4. The complexity of IR’s well-described final 20kms seems like terrain where some careless or unlucky GC riders could easily lose 30 seconds or more. Who will it be?

    Also, harking back to the opening TT, Pozzovivo’s excellent 21st place seems to contradict time-trial theory that style = speed. Sorry about that Domenico.

    • “style = speed.” That ship sailed when they allowed the use of aero bars back in the late 1980’s. Even worse today is the “cat scratching his a__ on the carpet” way too many of these guys ride chrono bikes.
      I count the crank rpm’s between each move while hearing Danny & the Juniors “Let’s go to the hop” playing in the background 🙂 Most can’t do more than a dozen turns of the cranks before “the hop” .

  5. I’m backing Ulissi for today. For 3 weeks of the year he’s the best rider in the world on punchy climbs. It’s almost like on the 1st May every year Julian Alaphilippe goes into a phone box in France and emerges out of one in Italy in a different kit.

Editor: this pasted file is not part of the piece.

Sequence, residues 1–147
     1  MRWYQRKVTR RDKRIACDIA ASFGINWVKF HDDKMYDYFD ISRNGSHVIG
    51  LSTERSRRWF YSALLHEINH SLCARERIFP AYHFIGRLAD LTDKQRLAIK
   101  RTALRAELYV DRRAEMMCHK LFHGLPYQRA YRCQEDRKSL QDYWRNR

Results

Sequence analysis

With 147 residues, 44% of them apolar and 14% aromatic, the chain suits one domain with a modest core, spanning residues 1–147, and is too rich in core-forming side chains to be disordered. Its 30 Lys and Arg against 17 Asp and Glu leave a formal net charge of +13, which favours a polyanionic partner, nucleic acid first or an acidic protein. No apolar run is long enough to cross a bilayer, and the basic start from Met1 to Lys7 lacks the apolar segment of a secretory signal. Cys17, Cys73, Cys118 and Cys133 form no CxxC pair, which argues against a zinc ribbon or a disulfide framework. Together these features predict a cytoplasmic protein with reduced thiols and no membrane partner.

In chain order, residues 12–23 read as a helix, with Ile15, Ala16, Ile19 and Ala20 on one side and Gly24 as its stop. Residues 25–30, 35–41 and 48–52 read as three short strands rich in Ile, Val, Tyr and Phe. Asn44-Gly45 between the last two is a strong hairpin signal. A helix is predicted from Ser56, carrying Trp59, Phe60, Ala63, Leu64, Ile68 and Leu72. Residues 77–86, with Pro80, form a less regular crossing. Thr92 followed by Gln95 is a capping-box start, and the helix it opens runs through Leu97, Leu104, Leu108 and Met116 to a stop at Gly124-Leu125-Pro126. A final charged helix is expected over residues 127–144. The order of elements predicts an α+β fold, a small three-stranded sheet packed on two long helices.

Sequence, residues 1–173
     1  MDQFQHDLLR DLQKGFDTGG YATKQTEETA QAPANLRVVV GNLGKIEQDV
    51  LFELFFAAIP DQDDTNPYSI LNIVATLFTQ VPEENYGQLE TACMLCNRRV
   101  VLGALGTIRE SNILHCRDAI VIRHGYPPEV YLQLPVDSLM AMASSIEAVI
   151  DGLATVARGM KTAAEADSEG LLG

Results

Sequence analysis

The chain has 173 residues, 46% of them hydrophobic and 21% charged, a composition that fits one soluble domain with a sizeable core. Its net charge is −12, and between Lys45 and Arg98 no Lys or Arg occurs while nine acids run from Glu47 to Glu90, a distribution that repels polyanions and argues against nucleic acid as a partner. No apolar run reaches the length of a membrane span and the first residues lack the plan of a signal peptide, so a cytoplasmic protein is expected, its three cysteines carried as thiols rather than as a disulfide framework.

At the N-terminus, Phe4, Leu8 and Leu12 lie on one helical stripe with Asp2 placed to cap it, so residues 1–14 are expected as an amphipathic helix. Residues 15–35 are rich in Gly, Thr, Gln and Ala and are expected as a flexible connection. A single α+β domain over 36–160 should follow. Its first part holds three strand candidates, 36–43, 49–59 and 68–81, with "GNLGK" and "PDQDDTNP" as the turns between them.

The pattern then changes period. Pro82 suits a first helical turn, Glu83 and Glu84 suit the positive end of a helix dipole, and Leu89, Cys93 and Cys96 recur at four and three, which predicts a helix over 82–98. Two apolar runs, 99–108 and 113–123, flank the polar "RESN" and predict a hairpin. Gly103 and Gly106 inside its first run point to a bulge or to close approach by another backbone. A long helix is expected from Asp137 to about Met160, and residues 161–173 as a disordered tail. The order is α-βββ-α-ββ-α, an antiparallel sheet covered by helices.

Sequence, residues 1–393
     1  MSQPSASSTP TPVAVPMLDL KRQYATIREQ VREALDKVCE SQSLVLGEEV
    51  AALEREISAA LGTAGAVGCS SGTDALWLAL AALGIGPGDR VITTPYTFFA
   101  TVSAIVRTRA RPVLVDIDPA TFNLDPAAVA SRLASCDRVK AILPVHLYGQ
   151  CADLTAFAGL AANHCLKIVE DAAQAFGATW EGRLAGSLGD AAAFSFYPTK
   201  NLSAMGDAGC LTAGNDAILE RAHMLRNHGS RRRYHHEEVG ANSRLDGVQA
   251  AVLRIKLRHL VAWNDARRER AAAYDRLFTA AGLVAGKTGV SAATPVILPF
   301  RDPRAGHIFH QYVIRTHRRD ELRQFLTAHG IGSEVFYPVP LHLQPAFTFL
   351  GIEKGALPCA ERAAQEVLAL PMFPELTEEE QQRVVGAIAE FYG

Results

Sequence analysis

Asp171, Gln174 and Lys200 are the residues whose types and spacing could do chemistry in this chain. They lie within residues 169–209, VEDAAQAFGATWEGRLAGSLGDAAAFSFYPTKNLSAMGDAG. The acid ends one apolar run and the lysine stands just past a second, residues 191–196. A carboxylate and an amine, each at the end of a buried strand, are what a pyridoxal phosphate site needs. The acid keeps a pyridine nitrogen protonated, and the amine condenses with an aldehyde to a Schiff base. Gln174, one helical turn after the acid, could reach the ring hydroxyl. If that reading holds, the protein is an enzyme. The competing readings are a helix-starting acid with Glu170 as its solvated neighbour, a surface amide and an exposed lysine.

6. Impressive win from Merlier yesterday. Seen as he’s only really emerged in the last year or two on the road I presumed he was younger than 28.

    • got him in my velogames fantasy team – think he’ll get one or two more. He’s out-shining the WT sprinters this year.

  7. I think the rain is going to make certain riders miserable enough to impair them (here I’m thinking of all of the one-chain ring sprinters except Merlier), and make the last portions of the race dangerous and sketchy (here I’m thinking more about GC riders). Fears of crashes should plague many of the GC teams, but how to keep protected riders safe on narrow roads with lots of twists and turns? The weather and terrain are in Sagan’s favor, but this is the kind of stage where chaos will rein. Sagan’s my pick, but I agree there are no five- or four-chain ring picks here.

  8. I’m getting a bit tired of the low level of breakaways on most stages. I don’t want to think that there is some sort of agreement to prevent/block any breaks that might force the peloton to work hard and early on. On Acquadro, I would have thought that the days when riders’ agents made “la pluie et le beau temps” were gone half a century ago…